Cliche of the Week 68 – Truthiness

October 24, 2011 at 9:45 am 1 comment

Today, something different. Little is left to the imagination as feral winds of change toss quality journalism like a toy in a race against time towards far-reaching and game-changing outcomes, informed sources say.

This sentence has some “truthiness”, a taste of truth to it, or at least appears at first light reading to make some sort of sense but crumbles on closer look.

At 30 words, it does have a lot of journalistic cliches, most of them appearing at one time in Cliche of the Week, and is entirely made up, a nonsense fiction.

Create your own cliched news fiction masterpiece of 50 words or less and be in the running to be the inaugural Byline Madness laureate.

Top marks for creativity, extra marks for using a cliche not yet covered in Cliche of the Week. Even better if the sentence makes some sort of sense.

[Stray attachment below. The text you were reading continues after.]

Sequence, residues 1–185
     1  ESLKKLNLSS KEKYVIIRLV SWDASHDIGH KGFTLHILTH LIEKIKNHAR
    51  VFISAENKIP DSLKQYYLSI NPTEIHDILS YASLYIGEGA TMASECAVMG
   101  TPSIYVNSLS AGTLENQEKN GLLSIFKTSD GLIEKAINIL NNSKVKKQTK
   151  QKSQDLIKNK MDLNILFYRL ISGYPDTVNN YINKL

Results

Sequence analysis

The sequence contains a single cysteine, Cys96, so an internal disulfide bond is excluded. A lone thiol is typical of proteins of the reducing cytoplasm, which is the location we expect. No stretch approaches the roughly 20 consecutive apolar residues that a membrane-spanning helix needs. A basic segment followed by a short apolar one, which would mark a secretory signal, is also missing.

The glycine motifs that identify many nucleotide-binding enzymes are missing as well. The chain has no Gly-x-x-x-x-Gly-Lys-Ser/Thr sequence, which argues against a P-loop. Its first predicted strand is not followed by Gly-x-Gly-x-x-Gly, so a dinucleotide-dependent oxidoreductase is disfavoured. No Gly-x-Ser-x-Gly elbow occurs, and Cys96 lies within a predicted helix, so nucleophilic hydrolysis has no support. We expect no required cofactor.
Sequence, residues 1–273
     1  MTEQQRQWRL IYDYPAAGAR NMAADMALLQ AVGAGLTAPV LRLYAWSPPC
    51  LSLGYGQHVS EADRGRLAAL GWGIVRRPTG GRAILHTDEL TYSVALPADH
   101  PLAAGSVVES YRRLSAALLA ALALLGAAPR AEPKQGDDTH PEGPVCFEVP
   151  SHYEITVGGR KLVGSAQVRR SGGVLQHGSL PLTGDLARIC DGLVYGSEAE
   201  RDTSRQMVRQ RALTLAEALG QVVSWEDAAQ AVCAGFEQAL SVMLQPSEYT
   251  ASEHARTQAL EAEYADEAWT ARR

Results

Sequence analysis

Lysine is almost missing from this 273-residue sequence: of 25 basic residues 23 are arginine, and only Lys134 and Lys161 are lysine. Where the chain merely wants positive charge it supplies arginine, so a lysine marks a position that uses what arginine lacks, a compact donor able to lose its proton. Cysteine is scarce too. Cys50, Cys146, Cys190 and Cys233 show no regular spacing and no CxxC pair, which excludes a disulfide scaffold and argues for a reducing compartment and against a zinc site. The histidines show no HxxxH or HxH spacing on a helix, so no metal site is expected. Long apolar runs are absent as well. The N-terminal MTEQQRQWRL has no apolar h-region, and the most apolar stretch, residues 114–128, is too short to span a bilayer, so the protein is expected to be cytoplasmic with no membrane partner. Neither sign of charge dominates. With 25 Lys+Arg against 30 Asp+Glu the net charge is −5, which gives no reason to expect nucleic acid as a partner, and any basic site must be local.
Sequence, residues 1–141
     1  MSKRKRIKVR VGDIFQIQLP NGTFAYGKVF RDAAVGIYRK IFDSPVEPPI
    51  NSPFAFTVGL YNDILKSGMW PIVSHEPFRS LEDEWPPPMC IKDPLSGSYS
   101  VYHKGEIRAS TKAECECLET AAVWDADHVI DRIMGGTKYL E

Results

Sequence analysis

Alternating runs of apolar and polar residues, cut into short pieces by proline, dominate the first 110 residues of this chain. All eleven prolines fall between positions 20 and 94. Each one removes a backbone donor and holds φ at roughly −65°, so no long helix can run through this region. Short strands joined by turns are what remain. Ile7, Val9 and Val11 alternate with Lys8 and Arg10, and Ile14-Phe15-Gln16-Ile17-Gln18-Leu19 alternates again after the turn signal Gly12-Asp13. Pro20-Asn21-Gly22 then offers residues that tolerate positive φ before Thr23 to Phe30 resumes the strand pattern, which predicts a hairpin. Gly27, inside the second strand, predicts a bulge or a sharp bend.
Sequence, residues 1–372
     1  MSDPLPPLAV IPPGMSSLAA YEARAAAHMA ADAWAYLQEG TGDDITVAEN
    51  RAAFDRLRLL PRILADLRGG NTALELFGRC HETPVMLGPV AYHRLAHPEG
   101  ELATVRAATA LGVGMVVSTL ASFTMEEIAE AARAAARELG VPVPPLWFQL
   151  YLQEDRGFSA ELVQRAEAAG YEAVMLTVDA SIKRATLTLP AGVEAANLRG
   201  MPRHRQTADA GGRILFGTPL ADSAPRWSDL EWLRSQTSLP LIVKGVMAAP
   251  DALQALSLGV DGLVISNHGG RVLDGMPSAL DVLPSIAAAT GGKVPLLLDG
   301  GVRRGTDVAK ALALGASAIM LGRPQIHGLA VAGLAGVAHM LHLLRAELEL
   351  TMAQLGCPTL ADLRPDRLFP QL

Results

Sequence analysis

Apart from the enormous prestige of being crowned Byline Madness laureate (chosen absolutely subjectively), the good people at Fremantle Press will send a package of books.

Either post your submission as a comment at or at the Cliche of the Week Facebook group or to

Mark it Byline Madness and get it in by November 18.

Cliche of the Week appears in The Australian newspaper Mondays. The usage of cliches in the media is tracked across the world using Factiva and Dow Jones Insight.

 Chris Pash’s book, The Last Whale, a true story set in the 1970s, was published by Fremantle Press in 2008

Entry filed under: Cliche of The Week.

Byline Madness – The hunt to find the best of the best clichés Cliche of the Week 69 – Completely Destroyed

1 Comment Add your own

  • 1. Australian Cryptic « Australian Crossword  |  November 17, 2011 at 7:40 pm

    […] a tangent, a few weeks ago Chris Pash in his “Cliche of the Week” column proposed a competition to create an amusing paragraph using only clichés. The example he gave […]


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